The ‘Atch’ in Atch Lench either means East, describing its geographical position, or it comes from a personal name Aecci.
The name ‘Church Lench’ denotes the first church in the area, in the 12th century or earlier (although there was also a church in Rous Lench, then known as Bishops Lench, from the same period).
For a time during the 13th century, Church Lench was known as Lench Roculf, after the family who owned the manor.
Rous Lench is named after the Rous family, who were Lords of the Manor for nearly 500 years from the late 14th century to the late 19th century. Prior to this, it was known as Lench Randolph, and before that, it was Bishops Lench.
Sheriff's Lench is so-called because it was held, from 1077, by Urse d’ Abitot, the Sheriff of Worcestershire, and subsequently by his heirs, the Beauchamp family, who inherited the office of Sheriff.
The earliest written references to settlements in the area related to the seventh century A.D., when the region of which Worcestershire forms part ceased to be West Saxon and became part of the Kingdom of Mercia.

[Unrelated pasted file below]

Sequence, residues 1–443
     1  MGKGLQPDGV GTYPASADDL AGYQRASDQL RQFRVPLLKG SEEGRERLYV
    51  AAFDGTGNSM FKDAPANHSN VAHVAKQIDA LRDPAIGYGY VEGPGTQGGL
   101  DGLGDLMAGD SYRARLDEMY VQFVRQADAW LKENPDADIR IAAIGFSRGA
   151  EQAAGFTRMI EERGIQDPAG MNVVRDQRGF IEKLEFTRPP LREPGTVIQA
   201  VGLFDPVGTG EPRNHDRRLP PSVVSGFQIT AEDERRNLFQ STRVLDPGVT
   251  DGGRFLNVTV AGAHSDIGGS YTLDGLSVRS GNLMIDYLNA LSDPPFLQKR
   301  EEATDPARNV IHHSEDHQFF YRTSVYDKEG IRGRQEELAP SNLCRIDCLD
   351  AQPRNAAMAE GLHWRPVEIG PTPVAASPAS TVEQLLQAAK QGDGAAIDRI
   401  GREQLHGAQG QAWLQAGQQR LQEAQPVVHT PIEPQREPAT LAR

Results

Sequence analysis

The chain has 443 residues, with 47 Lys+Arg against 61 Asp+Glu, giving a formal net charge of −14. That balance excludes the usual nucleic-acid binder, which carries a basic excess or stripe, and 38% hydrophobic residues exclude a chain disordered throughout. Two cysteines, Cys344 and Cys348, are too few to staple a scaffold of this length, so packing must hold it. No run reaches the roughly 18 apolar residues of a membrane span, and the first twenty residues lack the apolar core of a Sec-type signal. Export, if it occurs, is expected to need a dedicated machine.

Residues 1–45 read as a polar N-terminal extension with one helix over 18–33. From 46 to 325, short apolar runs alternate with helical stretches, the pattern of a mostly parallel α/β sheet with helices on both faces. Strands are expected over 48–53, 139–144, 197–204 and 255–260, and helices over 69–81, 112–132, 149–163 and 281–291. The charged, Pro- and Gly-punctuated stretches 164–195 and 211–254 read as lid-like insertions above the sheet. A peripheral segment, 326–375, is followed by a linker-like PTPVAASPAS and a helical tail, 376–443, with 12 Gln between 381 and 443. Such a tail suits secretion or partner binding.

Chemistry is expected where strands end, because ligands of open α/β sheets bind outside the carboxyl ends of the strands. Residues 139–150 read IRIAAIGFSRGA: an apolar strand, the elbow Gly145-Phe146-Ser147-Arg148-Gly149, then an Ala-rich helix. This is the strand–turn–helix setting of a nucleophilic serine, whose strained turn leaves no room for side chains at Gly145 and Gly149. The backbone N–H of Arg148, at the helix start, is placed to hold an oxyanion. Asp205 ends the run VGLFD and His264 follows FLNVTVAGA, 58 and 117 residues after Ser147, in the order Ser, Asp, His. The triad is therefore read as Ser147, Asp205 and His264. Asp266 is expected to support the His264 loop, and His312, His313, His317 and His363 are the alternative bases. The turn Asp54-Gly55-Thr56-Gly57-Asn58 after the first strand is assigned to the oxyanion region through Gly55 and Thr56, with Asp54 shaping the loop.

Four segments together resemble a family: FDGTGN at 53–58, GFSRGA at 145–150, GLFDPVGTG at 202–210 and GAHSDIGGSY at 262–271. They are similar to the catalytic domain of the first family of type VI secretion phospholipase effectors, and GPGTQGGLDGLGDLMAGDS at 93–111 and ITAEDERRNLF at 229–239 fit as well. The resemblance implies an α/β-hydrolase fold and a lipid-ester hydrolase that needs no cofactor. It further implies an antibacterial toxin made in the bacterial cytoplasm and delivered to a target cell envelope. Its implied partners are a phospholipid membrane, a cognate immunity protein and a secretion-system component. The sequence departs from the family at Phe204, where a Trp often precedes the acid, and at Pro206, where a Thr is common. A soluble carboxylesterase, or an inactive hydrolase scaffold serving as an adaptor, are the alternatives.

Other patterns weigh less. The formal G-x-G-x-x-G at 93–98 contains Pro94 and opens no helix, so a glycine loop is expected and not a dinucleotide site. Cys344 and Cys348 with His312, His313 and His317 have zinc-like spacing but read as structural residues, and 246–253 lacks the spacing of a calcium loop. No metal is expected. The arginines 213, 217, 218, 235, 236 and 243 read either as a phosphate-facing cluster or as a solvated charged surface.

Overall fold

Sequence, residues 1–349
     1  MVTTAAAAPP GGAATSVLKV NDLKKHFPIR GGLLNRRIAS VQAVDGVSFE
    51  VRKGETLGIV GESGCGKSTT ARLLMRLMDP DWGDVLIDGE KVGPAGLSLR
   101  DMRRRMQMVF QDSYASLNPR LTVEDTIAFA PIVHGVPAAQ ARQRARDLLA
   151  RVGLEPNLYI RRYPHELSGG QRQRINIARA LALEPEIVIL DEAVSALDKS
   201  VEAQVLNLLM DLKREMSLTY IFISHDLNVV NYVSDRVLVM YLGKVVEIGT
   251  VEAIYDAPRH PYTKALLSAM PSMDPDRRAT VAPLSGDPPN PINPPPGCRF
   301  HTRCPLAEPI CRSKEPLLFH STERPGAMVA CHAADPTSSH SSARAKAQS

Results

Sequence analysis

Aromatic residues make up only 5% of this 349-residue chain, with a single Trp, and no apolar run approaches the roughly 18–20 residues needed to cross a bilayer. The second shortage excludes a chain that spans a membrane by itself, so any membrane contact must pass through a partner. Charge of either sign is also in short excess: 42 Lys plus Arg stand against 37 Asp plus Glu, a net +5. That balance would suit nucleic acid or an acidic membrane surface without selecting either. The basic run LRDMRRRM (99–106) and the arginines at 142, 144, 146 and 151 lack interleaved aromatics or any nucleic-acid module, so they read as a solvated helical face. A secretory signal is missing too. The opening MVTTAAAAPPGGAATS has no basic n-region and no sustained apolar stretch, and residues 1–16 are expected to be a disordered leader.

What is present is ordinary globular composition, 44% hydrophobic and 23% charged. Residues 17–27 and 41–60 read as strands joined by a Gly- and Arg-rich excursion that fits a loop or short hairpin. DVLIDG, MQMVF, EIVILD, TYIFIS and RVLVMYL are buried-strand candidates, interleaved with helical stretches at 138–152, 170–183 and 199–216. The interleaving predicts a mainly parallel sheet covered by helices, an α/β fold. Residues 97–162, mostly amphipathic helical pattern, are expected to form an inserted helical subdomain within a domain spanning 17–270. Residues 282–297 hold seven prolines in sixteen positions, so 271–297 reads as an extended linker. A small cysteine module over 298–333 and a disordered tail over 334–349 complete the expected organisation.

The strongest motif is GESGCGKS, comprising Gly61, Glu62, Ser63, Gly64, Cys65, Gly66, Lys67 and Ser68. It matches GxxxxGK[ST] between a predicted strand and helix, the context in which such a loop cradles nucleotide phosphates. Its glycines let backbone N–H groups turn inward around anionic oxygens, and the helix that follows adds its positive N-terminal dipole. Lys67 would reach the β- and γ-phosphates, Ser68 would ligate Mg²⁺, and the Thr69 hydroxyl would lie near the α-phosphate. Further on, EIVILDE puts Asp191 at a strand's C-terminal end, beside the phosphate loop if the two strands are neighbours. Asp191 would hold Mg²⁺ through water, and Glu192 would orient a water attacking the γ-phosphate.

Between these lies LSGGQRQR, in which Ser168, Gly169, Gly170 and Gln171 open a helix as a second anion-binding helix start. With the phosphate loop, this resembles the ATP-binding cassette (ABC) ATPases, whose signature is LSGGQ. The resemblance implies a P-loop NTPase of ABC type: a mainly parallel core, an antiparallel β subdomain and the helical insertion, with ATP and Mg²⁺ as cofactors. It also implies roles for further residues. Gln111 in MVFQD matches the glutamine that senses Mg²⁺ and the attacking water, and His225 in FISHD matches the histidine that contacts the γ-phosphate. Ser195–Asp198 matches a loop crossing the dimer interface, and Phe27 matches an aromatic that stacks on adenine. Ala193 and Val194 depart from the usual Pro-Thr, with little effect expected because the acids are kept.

The people were known as the Hwiccae and the territory corresponded roughly with the later medieval diocese of Worcester. Much of the area seems to have belonged to the church from early times, the Kingdom of Mercia having converted to Christianity around the year 656 A.D.
So, recorded examples of land transfers involving the church are:
In 708 AD, land at Church Lench and Atch Lench was given to the Abbey of Evesham by Kenred, son of Wulfhere, King of Mercia.